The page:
This is an open access article under the terms of the Creative Commons Attribution-NonCommercial-NoDerivs License 4.0 (CC BY-NC-ND 4.0), which permits use and distribution in any medium, provided the original work is properly cited, the use is non-commercial and no modifications or adaptations are made.
While research consistently suggests siblings matter for individual outcomes, it remains unclear why. At the same time, studies of genetic effects on health typically correlate variants of a gene with the average level of behavioral or health measures, ignoring more complicated genetic dynamics. Using National Longitudinal Study of Adolescent Health data, we investigate whether sibling genes moderate individual genetic expression. We compare twin variation in health-related absences and self-rated health by genetic differences at three locations related to dopamine regulation and transport to test sibship-level cross-person gene–gene interactions. Results suggest effects of variation at these genetic locations are moderated by sibling genes. Although the mechanism remains unclear, this evidence is consistent with frequency dependent selection and suggests much genetic research may violate the stable unit treatment value assumption.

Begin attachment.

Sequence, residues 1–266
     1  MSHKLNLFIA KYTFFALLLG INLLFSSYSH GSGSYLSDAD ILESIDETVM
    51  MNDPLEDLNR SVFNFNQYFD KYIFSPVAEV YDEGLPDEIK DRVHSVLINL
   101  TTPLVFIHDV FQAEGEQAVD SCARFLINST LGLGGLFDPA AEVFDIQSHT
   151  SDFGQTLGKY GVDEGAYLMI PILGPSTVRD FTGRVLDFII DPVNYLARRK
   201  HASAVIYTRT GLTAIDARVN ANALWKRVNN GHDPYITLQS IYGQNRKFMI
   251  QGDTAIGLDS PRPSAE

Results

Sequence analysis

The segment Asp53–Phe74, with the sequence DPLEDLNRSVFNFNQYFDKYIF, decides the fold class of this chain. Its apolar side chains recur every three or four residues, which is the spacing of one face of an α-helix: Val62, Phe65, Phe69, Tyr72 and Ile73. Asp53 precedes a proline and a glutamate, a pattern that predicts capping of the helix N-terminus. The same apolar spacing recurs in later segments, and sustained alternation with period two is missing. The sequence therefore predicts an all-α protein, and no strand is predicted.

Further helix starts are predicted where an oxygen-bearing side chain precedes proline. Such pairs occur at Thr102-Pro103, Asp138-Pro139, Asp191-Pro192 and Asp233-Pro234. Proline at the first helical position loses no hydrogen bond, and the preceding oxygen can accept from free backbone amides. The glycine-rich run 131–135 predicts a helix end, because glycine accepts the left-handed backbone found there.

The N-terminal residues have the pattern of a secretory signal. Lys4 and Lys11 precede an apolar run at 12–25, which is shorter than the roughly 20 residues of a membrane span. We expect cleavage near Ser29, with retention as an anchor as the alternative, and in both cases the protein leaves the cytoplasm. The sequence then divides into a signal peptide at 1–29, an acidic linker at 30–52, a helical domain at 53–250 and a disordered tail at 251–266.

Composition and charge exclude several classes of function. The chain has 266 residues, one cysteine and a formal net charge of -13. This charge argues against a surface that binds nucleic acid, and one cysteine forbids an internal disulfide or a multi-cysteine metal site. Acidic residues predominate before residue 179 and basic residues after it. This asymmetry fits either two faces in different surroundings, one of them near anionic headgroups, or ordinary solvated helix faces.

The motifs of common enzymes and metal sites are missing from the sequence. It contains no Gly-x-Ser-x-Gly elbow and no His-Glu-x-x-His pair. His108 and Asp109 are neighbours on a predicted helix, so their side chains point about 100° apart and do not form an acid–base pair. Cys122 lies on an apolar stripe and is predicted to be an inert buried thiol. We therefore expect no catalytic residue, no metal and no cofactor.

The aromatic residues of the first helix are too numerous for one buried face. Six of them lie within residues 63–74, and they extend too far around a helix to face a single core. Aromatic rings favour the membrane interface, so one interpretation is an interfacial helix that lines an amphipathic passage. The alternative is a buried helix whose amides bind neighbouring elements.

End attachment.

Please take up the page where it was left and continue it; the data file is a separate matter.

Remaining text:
Rauscher, Emily, Dalton Conley, and Mark L. Siegal. 2015. “Sibling Genes as Environment:
Sibling Dopamine Genotypes and Adolescent Health Support Frequency Dependent
Selection.” Social Science Research 54: 209-220.
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Except where otherwise noted, this item's license is described as: This is an open access article under the terms of the Creative Commons Attribution-NonCommercial-NoDerivs License 4.0 (CC BY-NC-ND 4.0), which permits use and distribution in any medium, provided the original work is properly cited, the use is non-commercial and no modifications or adaptations are made.
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